Through our Health Resources and Services Administration (HRSA) funding, the Center is able to provide tuition-bearing research assistantships to MCH graduate students. The number of research assistant (RA) positions varies depending on our budget and the type of activities we take on every year. See the below for common questions and answers about these positions.
When are positions announced?
RAships are typically announced mid- to late-summer for fall appointments. Announcements get sent to the MCH student email list.
How long is an RA appointment?
They are semester-long appointments, with the option for renewal in subsequent semester(s) based on the needs of the Center, availability of funding and satisfactory performance of duties.
Do you offer RAships during the summer?
The work of the Center doesn’t stop at semester’s end, so we often do have a position available in the summer months. However, the Division of Epidemiology & Community Health’s policy does not allow for coverage of benefits over the summer appointment period. Summer appointments therefore usually come with the same hourly pay rate as the RAship minus tuition benefits.
What kind of pay and benefits do RAs get?
Hourly rates depend on the level of education completed. Center RAships are typically 25% time (~10 hours/week) or less. Details related to health and other benefits can be found on the Division intranet (see “RA/TA New Hire Letter” details and other RA/TA Hiring Forms).
What type of work do Center RAs do?
This varies depending on the type of research, technical assistance (TA) and continuing education (CE) being provided by Center staff and faculty at any given time. Center RAships provide students with many opportunities to write and communicate about topics related to MCH (e.g., family health, women’s health, reproductive health, child health, youth health) for diverse professional and graduate student audiences, as well as prospective MCH MPH students.
RAs support the Center’s mission, undertaking tasks that involve writing and editing material for publication (monthly electronic newsletters, publications, fact sheets, briefs), contributing to the Center’s online presence and participating in other activities that promote the MCH Program. They also contribute to research and other projects being undertaken by Center faculty and staff.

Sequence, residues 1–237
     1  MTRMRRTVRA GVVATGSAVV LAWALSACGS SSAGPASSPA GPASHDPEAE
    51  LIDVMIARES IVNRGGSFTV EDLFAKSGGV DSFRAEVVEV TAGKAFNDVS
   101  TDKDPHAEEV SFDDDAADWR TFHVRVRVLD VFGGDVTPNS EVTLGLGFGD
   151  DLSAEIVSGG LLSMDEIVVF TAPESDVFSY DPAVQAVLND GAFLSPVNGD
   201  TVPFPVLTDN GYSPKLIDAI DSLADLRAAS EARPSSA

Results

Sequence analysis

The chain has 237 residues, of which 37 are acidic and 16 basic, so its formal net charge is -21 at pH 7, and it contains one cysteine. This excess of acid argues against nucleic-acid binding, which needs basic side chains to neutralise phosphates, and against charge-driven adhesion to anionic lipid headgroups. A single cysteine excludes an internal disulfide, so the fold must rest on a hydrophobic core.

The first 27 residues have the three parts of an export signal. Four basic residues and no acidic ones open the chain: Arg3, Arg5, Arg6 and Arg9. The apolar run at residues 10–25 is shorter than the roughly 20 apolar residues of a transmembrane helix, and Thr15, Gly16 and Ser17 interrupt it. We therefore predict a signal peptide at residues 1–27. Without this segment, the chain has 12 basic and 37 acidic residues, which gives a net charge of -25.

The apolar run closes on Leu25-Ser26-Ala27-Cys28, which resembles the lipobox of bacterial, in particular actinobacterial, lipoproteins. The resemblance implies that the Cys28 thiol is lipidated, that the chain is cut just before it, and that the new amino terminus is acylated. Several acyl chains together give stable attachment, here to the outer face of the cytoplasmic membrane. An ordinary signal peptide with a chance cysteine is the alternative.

What are the qualifications needed?
The selection process is a competitive one and is based on skills, interests and student status. Our RAs are independent, self-motivated, creative thinkers with excellent verbal and written communication skills. Center RAs gain skills in interpreting the research literature through writing assignments, build their knowledge of MCH topics, become familiar with HRSA Maternal and Child Health Bureau (MCHB) programs and goals, practice translating research for professionals and policymakers and learn how university-based centers function.
Are there other ways to get involved in the Center’s work?
We get requests from state agency or community staff (who are sometimes MCH alumni) who have a specific project and request the time and expertise of an MCH graduate student. If there’s a good fit between the student and the agency or organization, we have paid the student to be “deployed” to that agency or organization.
This is not a full RAship; however, the student works closely with the agency staff member, who mentors and supervises them as they undertake a time-limited project. Students who participate write up a Student Spotlight about their experience.
Visit our deployment page for more info.
Where is the Center located?
While we’re housed at the West Bank Office Building, our work is done all across the university, community and country (both in-person and virtually). We understand that RAs are students first, so RAships come with a lot of flexibility and autonomy, and with that comes high responsibility and accountability.
Have other questions?
Email Sara Benning at firstname.lastname@example.org to ask about Center-funded research assistantships and other opportunities.